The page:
Samples Business Capital Budgeting Mini-Case

Capital Budgeting Mini-Case

827 words 3 page(s)

Question 1: Case Facts and Problem Summation

Groves and Finch have several years of experience in a large chip manufacturing company as maintenance engineers. Both individuals were able to exercise their first stock options about 6 months ago, choosing to start their own venture, where they are attempting to determine what projects should be undertaken. These projects are part of a research collaboration involving a new chip, which could increase the speed of specialized tasks by 25%. While the chip design is complete, it is recognized by Groves and Finch that further experimentation may yield better performance. At the same time, Groves and Finch recognize that market entry delay may be costly because a more established company may introduce a similar product. Project A and Project B are being considered.

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Project A: Groves and Finch expect to purchase PPE for about $1,250,000. For the first year’s cash flows, it is planned to sell the chip for very low rates to gain customer acceptance. Following product acceptance and establishment, the price will be raised. By the end of the fifth year, the product will most likely be obsolete. However, they could yield a salvage value because the innovation used was patented and could be sold to a larger chip manufacturer. The proposed cash flows would increase from $75,000 (Year 1) to $775,000 (Year 5) with Years 1 to 4 increasing and an initial investment of $1,250,000 for PPE.

Project B: Alternatively, Groves and Finch could sell the patent for the innovation for about $100,000. It was understood that without establishment of the innovation or product, a higher rate would not be likely. Through this sale, Groves and Finch would be able to invest in PPE, allowing them to test silicon wafers for zircon content because excessive zircon had an impact on long-term chip performance. Chip makers were performing zircon levels, but many only tested a sample. With the investment in PPE, Groves and Finch alternatively proposed that chip makers could outsource this testing to them, allowing them to specialize in this test. Costs would be reduced by over half and the chip manufacturers would be able to have 100% of the silicon wafers tested prior to use in chips for about the same cost as they were paying for sampling. The lifespan of this project is expected to be about 5 years. The initial investment would be $1,050,000 (following the sale of the patent). Cash flows would range from $650,000 (Year 1) to $62,500 (Year 5), with each year decreasing slightly.

The problem being addressed is to determine which project – A or B – would be most beneficial for their venture. The required rate of return is 15%. The desired payback period is, at most, 4 years. The discounted payback period is, at most, 5 years. Based on the current analysis, the payback period and discounted payback period meet the minimum requirements. However, Groves and Finch are concerned about cash flow estimate reliability.

Question 2: Problem Solving Approaches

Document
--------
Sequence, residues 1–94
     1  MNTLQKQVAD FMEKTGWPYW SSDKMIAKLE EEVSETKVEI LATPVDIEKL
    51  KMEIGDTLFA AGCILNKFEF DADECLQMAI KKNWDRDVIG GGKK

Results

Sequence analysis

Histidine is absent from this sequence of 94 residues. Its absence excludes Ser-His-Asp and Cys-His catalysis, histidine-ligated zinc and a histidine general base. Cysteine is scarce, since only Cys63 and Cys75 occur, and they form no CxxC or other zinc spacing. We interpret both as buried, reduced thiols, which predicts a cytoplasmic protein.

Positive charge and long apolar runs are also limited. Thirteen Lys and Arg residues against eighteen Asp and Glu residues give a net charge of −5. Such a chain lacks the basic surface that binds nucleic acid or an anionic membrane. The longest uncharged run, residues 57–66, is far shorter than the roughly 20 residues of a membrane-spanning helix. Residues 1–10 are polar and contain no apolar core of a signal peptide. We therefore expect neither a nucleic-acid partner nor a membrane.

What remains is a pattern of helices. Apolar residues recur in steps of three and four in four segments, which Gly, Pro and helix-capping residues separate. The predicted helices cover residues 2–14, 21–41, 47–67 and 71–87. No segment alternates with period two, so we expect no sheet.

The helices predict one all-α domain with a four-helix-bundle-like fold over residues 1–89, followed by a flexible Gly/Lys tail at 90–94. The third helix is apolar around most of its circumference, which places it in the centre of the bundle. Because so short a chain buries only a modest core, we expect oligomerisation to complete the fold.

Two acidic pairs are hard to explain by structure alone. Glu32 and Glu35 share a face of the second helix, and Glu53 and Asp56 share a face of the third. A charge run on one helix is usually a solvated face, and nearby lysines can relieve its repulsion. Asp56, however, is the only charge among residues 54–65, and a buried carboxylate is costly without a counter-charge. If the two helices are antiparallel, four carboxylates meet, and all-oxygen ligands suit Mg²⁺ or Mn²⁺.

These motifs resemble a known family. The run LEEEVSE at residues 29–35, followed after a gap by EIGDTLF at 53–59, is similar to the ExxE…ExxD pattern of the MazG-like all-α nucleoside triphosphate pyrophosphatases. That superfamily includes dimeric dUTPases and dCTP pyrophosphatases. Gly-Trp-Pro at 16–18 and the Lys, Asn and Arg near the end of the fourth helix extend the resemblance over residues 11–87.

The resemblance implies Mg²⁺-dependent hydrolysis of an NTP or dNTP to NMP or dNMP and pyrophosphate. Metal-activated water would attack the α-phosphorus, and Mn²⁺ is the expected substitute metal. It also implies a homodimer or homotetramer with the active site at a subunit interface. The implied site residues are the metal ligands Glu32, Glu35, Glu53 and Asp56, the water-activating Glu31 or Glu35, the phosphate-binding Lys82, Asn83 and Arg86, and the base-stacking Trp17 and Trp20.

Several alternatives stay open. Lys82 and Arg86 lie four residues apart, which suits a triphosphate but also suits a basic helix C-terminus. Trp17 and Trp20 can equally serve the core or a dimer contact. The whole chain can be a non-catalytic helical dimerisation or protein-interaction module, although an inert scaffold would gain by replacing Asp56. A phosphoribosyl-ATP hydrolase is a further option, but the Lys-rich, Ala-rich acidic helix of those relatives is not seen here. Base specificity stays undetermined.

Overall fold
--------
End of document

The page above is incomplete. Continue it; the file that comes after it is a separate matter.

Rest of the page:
The most effective solution would be to conduct a sensitivity analysis for the cash flows for both projects. For these analyses, the expected cash flows determined by Groves and Finch could be used as the base values. The sensitivity could be 10% less than the base value, or other percentages. This would give different cash flows for both projects that would give Groves and Finch different results for the analyses of rate of return, payback period, and discounted payback period. The most effective decision could be made based on these differences.

Question 3a: Ranking of Projects

For the ranking, the closest is being marked to the requirements or the most effective if both meet the requirements (only in payback period and discounted payback period).

Payback period Project B
Discounted payback period Project B
NPV Project A
IRR Project B
Profitability index Project B
MIRR Project B


Question 3b: Best Approach

The best approaches are NPV, internal rate of return, and payback period. This would provide different metrics. Many companies state that at least two of three metrics must meet minimum requirements. However, since the venture is so new, it may be more beneficial to ensure that all these metric requirements are met. This should also hold true for a sensitivity analysis, where the accepted project is the one where all three metrics are accepted in the worst-case scenario.

Question 4a: Project Recommendation

Based on the existing analysis, Project B is recommended because it has the highest outcomes. Moreover, since the venture would become a specialist, they will have a new niche within the market, which could be expanded upon for future uses, enabling the company to progress further. If the venture were to only focus on chips, they would have a more significant challenge because they are not established within the market.

Question 4b: Limitations of Decision-Making Approach

The major limitation is that the expected values were used in the analysis. There is a major concern by Groves and Finch that these values may not be accurate. Therefore, it is recommended that a sensitivity analysis is conducted to determine the most effective project.